Our 4-steps guide to build an Onboarding Process🤝
It’s estimated that 20% of companies do not have a specific process when it comes to integrating new employees. However, we do know that the first steps of an employee entering a new team can be decisive for a successful future at your company. That’s why an effective onboarding process is a fairly critical part of a new employee’s first days at the company as they learn to orient, integrate, and support themselves among their new colleagues.
If this is your first time onboarding new employees we recommend going through at least these 4 essential steps that over the years the Beehire team has learned can be fairly impactful:
Maintain contact in the period before the new employee starts
The Onboarding process doesn’t start on the day your new employee arrives, but well before that. It’s important to ensure that you maintain a relationship with the candidate after they have accepted your job offer. This keeps them engaged and thinking about their future employment at the company, and at the very least keeps tabs on them so they don’t accept another offer elsewhere.
Motivated people tend to use the period to start working themselves into the matter they will be dealing with when they start or prepare themselves mentally by enjoying a few days off thanks to that sweet spot that is the period between two (confirmed) jobs.
Some things that work well to keep the future employee engaged are:
- Send them their signed contract before their arrival date.
- Send them an email with various elements allowing them to immerse themselves in their future environment, for example, your employee guidelines or any security policies they should review.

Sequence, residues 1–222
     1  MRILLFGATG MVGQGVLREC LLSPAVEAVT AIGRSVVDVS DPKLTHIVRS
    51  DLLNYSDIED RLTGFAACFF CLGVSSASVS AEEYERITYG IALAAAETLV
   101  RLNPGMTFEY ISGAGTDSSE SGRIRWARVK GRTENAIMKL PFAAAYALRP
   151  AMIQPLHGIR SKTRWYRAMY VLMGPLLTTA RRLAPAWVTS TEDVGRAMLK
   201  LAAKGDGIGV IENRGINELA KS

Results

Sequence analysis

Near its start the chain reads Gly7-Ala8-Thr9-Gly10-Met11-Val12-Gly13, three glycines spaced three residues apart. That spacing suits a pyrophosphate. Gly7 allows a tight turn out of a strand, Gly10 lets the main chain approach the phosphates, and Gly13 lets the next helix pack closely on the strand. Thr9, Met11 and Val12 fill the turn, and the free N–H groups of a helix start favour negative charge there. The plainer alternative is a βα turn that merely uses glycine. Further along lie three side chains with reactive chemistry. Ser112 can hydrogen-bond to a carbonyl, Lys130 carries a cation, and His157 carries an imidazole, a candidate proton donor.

- This is a big if, but if you’re doing a teambuilding or having a team lunch/dinner in the period you might even invite the new recruit to get to know the team ahead of their start. (This also helps your team get used to the new employee).
Prepare a workspace
Not knowing what one’s to do on a first day is unpleasant, and not having anywhere to sit is just as unpleasant (especially the whole “go ahead and sit there, we’ll figure out where to put you later” is very unprofessional). Instead, have the recruit’s computer and any other job-related materials ready, the seat and desk cleaned, and perhaps even prepare a little welcome gift (a mug with their name, a box of chocolates, etc).
If the employee doesn’t sit at a desk be sure to show where they can get a (clean) locker or otherwise store their belongings.
Inform the team
It’s pretty bad when a new employee arrives at an office on their first day and doesn’t know what to do, but it’s even worse when their team doesn’t know what they’re supposed to do either. A simple e-mail informing the team and the various administrative departments of the recruit’s arrival will prevent a lot of discomforts when they finally arrive.
At the very least it gets people thinking about what tasks and onboarding sessions will be needed, because it might even speed up some other things such as access to networks, devices, and ID cards.
Which brings us to…
Assign a mentor
… or at the least a single point of contact for the new employee. Someone the employee can go to with questions about the business, administration, and team activities like having lunch. This also helps a lot in getting a better fit in the company’s culture, and new recruits typically really appreciate this.
This doesn’t always have to be the same person: some companies have a rotating mentor system where everyone gets a go.
That’s a quick wrap of the basics when it comes to onboarding a new employee. We’d love to hear from you if you have any questions or comments about how to apply this at your place of work. Contact us or get started for free today!